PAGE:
Kickstarter Advice


I am college student who created a board game over the course of the past semester. I have a prototype version purchased from Board Game Crafter that I am quite proud of. This summer however, I am planning to polish it up and hopefully look into a crowd fundraising campaign with the help of some friends. We are in the planning stage and trying to answer questions for the future.

I noted that there is another Kickstarter thread on this forum but that seemed more related to Kickstarter project news. Hopefully this one can not only help me but also a good place for future reference.

I know there is alot of Kickstarter info out there, but I love this community and want engage it specifically.

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Here are some questions I have specifically

Are small scale projects viable on Kickstarter?
I was reading blog posts from Jamey Stegmaier ( and he suggested an average board game budget in 2017 should be close to 39k with self-investments made. This seemed very high for a handful of broke college students how have time to invest, not money.

How much copyrighting and trademarking should be down?
I have down all the artwork myself and plan on submitting that for copyright, but should I do more than that?

What have you seen in Kickstarter’s that have worked?
What have you seen that hasn’t work?

Thank you in advance! :slight_smile:

I have no idea about any of your questions, but welcome to the forum and good luck.

I’d imagine you need to be careful on the name.

I’m not sure what experience she had prior to Wingspan, but I believe that Elizabeth Hargrave has said a lot about the development process.

Every Kickstarter I’ve backed (admittedly not many) has either been recommended by a podcast, or on here. Tabletop Simulator (TTS) mods released pre Kickstarter seem a popular of getting lots of playtesting and generating buzz.

Finally, I admit I don’t read them, but I believe design diaries are popular. There was a lot of talk about Cole Werhle’s diaries during the Oath campaign.

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Personally i’ve seen prototype games on Kickstarter and walked right past them due to poor graphic design on that first page.

There has been a lot of talk recently about theme it’s safe to say a strong theme catches my eye more than strong mechanics. Themes that appeal to me can pull me into a pledge. I know i’m Probably gonna rank myself as a philistine but graphics and theme will attract me more than solid mechanics, to this day i’m Reluctant on food chain magnate for this reason.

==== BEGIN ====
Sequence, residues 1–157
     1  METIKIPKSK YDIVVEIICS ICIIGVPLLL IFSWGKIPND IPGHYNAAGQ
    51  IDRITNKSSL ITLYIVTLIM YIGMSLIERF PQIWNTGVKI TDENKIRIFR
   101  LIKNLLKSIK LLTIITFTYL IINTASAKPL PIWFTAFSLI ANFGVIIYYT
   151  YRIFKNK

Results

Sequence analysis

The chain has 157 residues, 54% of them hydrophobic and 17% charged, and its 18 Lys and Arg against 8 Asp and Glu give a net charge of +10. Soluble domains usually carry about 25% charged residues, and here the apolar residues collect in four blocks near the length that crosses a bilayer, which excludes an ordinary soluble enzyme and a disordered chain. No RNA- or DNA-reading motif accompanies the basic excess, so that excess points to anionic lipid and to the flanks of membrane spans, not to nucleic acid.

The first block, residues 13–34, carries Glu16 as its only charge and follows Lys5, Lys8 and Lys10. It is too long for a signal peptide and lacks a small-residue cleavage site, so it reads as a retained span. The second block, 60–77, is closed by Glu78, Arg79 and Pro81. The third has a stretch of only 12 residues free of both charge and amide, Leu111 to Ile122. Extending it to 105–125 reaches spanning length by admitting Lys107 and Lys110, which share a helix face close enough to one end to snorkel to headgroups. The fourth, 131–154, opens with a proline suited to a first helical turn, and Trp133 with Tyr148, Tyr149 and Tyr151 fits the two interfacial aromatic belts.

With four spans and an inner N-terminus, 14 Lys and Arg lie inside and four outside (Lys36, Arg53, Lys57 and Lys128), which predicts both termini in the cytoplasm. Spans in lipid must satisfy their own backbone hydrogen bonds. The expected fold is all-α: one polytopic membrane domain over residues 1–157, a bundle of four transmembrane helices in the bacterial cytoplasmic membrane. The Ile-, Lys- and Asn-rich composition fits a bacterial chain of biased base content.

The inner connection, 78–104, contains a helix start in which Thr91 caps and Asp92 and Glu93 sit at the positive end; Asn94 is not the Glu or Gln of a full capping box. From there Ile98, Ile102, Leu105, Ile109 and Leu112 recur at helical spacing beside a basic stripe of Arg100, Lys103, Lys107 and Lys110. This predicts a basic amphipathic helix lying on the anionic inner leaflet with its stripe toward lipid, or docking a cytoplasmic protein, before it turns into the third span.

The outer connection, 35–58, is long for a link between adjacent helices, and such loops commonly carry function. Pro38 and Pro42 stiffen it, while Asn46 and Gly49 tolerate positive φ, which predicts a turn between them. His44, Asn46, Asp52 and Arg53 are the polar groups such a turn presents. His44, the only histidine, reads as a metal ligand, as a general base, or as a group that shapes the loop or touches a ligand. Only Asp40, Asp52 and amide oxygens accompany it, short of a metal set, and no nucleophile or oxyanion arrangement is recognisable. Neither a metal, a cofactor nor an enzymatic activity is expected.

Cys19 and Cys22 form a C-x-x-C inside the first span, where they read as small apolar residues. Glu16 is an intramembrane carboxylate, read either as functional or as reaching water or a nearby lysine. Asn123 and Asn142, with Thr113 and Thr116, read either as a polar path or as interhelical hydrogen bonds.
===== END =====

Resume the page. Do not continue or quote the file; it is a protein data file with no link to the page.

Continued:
Then there is reviews. This one is probably impractical but as a minimum you could show feedback from your play testing to demonstrate due diligence in refining your idea.

Just some brain farts hope they are of some help.


You can learn a lot from the World’s Worst Kickstarter Ever thread on BGG. Really - I’m not joking; even if you prove to have a genius for this stuff and don’t make any of the obvious mistakes, you can reassure yourself that at least you wouldn’t do that.

Make sure your Kickstarter account has backed at least a couple of projects - “first created, zero backed” is a big warning sign.

The main thing I hear is that you need to have a minimum mass of audience before you go to KS. A very few people may find it by looking at KS itself, but if you have a social media presence you can use it to build up interest before you start the actual funding period. (“But how do I get a social media audience”, you ask? Don’t ask me, I don’t touch the stuff.) I think I’ve only ever backed one project I found on KS, rather than ones where I already knew the game, or the designer, or at least had had a chance to read about it (and perhaps play a print-and-play or TTS version) before committing money.


Thank you for the welcome and good advice

Good idea, I read what Elizabeth Hargrave had to go through.

Recommendations do seem to be the way to go, but standing out in a sea of unsolicited games is going to be the challenge. TTS mods are a great suggestion. I currently am putting together one for the prototype version.

I will definitely look in to other design diaries.

As far as brain farts go, these ones are helpful!

One of the things I am going to be refining is the graphic design aspects, but as for theme and artwork I think you are right about how important they are. Without going to much deep my own project, I have done all the artwork in chalk and its loosely based on Native American folklore. Which I hope is unique enough haha.

And reviews are a great suggestion. While it is obviously hard to get them from established places, I could always reach out to my play-testers for their thoughts to use!

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The White Box Essays has a whole segment on Kickstarter projects.


That link is beautiful thank you sharing it. I love the audacity of posting an entire resume in a bio description.

Making sure to back some projects is great advice. Looks like my friends an I will have to go on a back spree.

This also good advice, thankfully now is the time to get the ball rolling on getting an audience.
Thank you for all your help

Thank you! I will be sure to check it out :slight_smile:

Designing a game is a test of one’s discipline, creativity and humility.

Running a successful Kickstarter is a test of one’s marketing talent and, in the case of an indie publisher, their ability to connect with the community in a meaningful way.

The sum of all of that is you’ll need to wear many hats; and, as is the case with most people these days, you’ll only have one head (and probably a scarcity of hats). It sounds like it’s already a group effort - which now means somebody’s management and leadership skills will be put to the test: make sure they are up to the challenge otherwise this is all going to come crashing down around their shoulders (despite their hat).


Hello @ryanofthemeek and welcome to the forums.

I do look through the Kickstarter games section randomly and sometimes something catches my eye without having seen a lot of recommendations. What those probably have in common is good graphic design, a catchy name, not too many “kickstarter only, exclusive” etc. badges. I like campaigns simple and straightforward.

  • display of game materials / prototypes / digital mockups
  • quick explanation of what the game is about (look at Quinn’s video on The Teach, that could be helpful), theme and main mechanics possibly with a short video
  • not too many different pricing options
  • clear communication on shipping especially customs handling (f.e. EU friendly shipping, lots of campaigns have these existing badges–I look for these)